A sheltered twin cove wedged east of Gribbin Head and west of the popular town of Fowey, it's well worth the walk down to see Polridmouth Cove. The two beaches, exposed at low tide and separated by a rocky headland, are cradled by lush green cliffs and fields, giving this spot a real earthy feel. It's a good fifteen-minute downhill trek from the nearest carpark and there is little in the way of facilities, but that's what people love best about this quiet, peaceful coastal spot.
You know it’s going to be good when a beach is described as 'paradise', but we bet Porthcurno Beach still takes your breath away when you see it in person. We're not sure if it's the flour fine white sand, turquoise sea, or the majesty of the nearby iconic Minack Theatre, but Porthcurno on Cornwall’s captivating west coast is a proper beauty. Speaking of nearby attractions, you'd also do well to factor in a visit to the Porthcurno Telegraph Museum which tells the impressive tale of the county's involvement in the pioneering days of global communications.
Kingsand and Cawsand
Tucked away in Cornwall’s ‘forgotten corner’, Kingsand and Cawsand beaches are twin beaches named after their respective twin villages tucked away on the Rame Peninsula. Both are a mixture of sand and shingle which a range of rock pools perfect for little ones to explore. They are both popular for swimming and boating alike, and there's nearby parking, cafes and loos available in the villages.
For classic good looks and lots to do, check out Perranporth beach on the north coast. At low tide the sea slinks back to reveal three miles of golden sandy beach perfect for exploring with all the family. And with that much beach, there’s always plenty of space even at the height of summer. While the town is lined with tasty eateries and pubs, for a bite and a drink with a view, you’ve got to check out The Watering Hole – the UK’s only bar on the beach.
One of the most popular beauty spots in Cornwall, Kynance Cove doesn’t disappoint. The beach is 'instafamous' thanks to the stark contrast of its white sand, turquoise sea and dark red and green serpentine rock. Walk from the Lizard Point for glorious views aplenty and the most scenic of finishes. For the best exploring, time it right and arrive at low tide when you can check out the towering rock stacks up close. Fuel up for the walk back with a cream tea or a Cornish pasty from Kynance Cove Café.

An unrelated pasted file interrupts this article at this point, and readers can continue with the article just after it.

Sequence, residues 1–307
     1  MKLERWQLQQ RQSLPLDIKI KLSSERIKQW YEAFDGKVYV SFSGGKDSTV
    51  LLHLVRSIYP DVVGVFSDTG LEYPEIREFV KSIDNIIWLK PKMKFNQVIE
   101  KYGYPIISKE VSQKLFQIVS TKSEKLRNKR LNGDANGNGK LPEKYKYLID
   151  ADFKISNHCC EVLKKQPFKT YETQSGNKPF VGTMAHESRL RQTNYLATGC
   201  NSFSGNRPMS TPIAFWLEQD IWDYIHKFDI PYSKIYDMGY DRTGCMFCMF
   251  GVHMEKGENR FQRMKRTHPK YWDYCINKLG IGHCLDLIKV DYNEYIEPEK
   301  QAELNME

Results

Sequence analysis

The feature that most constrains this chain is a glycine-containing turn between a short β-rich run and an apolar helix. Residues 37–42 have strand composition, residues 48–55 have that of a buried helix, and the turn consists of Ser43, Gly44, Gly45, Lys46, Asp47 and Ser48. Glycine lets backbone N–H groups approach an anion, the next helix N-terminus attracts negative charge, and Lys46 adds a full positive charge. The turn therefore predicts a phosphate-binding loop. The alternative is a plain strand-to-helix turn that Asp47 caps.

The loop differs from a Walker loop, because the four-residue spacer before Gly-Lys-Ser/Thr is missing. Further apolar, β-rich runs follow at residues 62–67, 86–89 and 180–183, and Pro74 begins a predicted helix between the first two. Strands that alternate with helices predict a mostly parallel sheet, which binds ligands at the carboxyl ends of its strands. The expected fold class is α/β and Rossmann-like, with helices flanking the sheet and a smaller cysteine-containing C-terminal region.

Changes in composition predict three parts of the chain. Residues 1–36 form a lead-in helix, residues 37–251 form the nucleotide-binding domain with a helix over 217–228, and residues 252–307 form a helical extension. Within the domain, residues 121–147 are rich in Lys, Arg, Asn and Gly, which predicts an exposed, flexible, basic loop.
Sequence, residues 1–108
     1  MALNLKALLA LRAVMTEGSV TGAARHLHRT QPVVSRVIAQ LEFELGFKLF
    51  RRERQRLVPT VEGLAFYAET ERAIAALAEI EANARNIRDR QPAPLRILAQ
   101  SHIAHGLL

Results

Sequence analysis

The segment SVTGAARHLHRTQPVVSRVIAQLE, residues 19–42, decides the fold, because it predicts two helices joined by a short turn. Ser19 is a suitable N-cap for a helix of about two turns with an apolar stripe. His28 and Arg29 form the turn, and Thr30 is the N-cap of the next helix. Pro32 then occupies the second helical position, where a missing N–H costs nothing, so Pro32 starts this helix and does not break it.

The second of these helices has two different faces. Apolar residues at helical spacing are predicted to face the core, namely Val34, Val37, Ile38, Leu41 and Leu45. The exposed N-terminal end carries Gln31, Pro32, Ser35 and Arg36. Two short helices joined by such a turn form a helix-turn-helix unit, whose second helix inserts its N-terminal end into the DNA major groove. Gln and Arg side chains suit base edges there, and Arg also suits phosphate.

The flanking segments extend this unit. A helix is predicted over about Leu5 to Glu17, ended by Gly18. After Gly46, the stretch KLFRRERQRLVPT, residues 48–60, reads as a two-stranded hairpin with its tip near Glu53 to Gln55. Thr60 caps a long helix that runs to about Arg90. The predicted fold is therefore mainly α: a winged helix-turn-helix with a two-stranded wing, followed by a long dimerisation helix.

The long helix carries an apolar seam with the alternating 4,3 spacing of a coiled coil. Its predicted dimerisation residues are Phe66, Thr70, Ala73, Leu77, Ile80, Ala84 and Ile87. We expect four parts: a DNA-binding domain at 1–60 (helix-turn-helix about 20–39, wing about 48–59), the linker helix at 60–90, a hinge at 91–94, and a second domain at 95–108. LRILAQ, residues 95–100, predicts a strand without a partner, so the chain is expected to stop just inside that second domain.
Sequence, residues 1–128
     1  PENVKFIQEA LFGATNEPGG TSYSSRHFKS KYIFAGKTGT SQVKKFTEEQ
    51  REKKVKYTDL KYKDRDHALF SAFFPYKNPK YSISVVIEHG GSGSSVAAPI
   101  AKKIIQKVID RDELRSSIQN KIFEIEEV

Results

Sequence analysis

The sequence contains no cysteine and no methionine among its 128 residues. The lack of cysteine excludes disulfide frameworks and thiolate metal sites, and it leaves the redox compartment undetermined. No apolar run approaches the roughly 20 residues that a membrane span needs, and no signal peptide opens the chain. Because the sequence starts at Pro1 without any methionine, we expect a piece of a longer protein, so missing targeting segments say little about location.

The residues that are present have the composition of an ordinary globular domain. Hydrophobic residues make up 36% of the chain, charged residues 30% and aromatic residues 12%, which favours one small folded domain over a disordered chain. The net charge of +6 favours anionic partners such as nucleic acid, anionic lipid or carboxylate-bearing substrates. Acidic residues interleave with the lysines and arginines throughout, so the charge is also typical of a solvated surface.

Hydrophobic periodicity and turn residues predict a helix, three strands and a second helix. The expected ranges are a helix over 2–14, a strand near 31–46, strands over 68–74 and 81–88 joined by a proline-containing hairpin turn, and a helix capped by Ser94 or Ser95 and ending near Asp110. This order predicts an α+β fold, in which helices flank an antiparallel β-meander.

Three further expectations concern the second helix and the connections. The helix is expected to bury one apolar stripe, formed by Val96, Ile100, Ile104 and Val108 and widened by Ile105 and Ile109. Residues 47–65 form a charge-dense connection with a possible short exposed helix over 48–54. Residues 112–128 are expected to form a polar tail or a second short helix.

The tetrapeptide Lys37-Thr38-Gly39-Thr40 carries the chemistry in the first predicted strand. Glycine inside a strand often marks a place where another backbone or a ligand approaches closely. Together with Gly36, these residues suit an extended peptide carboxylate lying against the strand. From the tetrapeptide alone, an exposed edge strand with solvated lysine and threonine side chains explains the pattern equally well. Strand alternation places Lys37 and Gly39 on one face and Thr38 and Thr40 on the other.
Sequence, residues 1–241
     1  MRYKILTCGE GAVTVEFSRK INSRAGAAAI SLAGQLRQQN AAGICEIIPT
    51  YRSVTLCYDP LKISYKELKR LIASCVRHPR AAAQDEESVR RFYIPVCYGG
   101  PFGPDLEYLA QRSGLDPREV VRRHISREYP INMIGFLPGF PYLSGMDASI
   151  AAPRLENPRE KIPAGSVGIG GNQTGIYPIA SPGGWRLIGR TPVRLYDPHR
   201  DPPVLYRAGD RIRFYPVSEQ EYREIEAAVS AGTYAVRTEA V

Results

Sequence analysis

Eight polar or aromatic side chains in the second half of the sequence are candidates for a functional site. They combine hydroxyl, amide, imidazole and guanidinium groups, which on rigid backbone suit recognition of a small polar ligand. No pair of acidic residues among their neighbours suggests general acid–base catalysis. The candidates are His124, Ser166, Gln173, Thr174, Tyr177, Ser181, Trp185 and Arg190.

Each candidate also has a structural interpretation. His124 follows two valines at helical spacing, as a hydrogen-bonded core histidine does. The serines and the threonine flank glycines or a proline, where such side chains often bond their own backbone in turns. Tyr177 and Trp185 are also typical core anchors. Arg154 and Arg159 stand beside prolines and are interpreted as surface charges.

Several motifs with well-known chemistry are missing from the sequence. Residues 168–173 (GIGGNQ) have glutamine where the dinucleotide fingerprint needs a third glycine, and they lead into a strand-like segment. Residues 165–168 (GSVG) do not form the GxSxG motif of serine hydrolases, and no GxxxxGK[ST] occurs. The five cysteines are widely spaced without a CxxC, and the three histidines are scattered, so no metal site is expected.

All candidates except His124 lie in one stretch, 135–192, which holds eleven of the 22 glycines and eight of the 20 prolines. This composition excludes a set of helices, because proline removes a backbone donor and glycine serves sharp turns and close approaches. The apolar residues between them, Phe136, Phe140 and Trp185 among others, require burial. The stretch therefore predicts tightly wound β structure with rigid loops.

Just a stone's throw from the most westerly point in mainland Britain you'll find the glorious stretch of Sennen Beach. Its position sees it face the full force of the Atlantic, making it a popular spot for surfers and photographers alike. The town itself is as picturesque as they come; think historic cottages, cosy pubs and endless good views of the impressive swell.
The prettiest scenery in Cornwall
Head to the north coast and check out Bedruthan Steps where you’ll find the sea peppered with granite pillars jutting out of the sea. Legend has it these stately rock piles were once the stepping stones of the Giant, Bedruthan. If you'd like an afterhours adventure, head here for a spot of star gazing once the sun goes down. It's one of just two dark sky status sites in the county, meaning it’s considered one of the best stargazing locations in the country.
St Michael’s Mount
Sitting atop a tidal island in Mount's Bay, the medieval castle, garden and island community of St Michael's Mount is well worth checking out. At low tide you can walk along the ancient cobbled causeway, but get the boat at least one way for the sheer novelty. Once you arrive, take your time exploring the semi subtropical gardens and fascinating castle or failing that, simply grab an ice-cream and enjoy the view from Mount's Bay.
Fascinated by mining heritage? Head to the tin coast and check out the historic engine houses that cling precariously to the cliffs. Not only is this a Mining World Heritage Site, but it was used as a location during Poldark. A perfect adventure for TV fans and history buffs alike.
Cornwall isn't just about the coast and there's no better reminder of that than a trip to the sprawling granite moorland of Bodmin Moor. The stark landscape has its own kind of austere beauty that's best absorbed over the course of a day’s hike. Don't forget to swing by Jamaica Inn, of Daphne du Maurier fame, for a spot of lunch. Oh, and keep your eyes peeled for the Beast of Bodmin Moor too.
Be transported to another world with a visit to Golitha Falls. Here you’ll trek through ancient woodland to arrive at the majesty of the falls themselves. Together the cascade of falls drops some 90m in altitude, making for quite an impressive sight. There is a clear route to follow and while older children will love it, it's not suitable for pushchairs or those unstable on their feet. Those that are up for the adventure will be well rewarded. Pack your camera!
St Mawes Castle
An artillery fort constructed by Henry VIII, this distinctive fort, along with its sister fort Pendennis Castle, protected the port of Falmouth against invasion. Among one of the best-preserved of Henry VIII's seaside fortresses, this handsome Tudor pile is a joy to explore. Check out the clover-leaf shape of the castle, wander the landscaped gardens and learn all about Tudor life. Don't forget to soak up the stunning views over the Fal Estuary too.
Browse our selection of holiday cottages for the perfect base to explore beautiful Cornwall.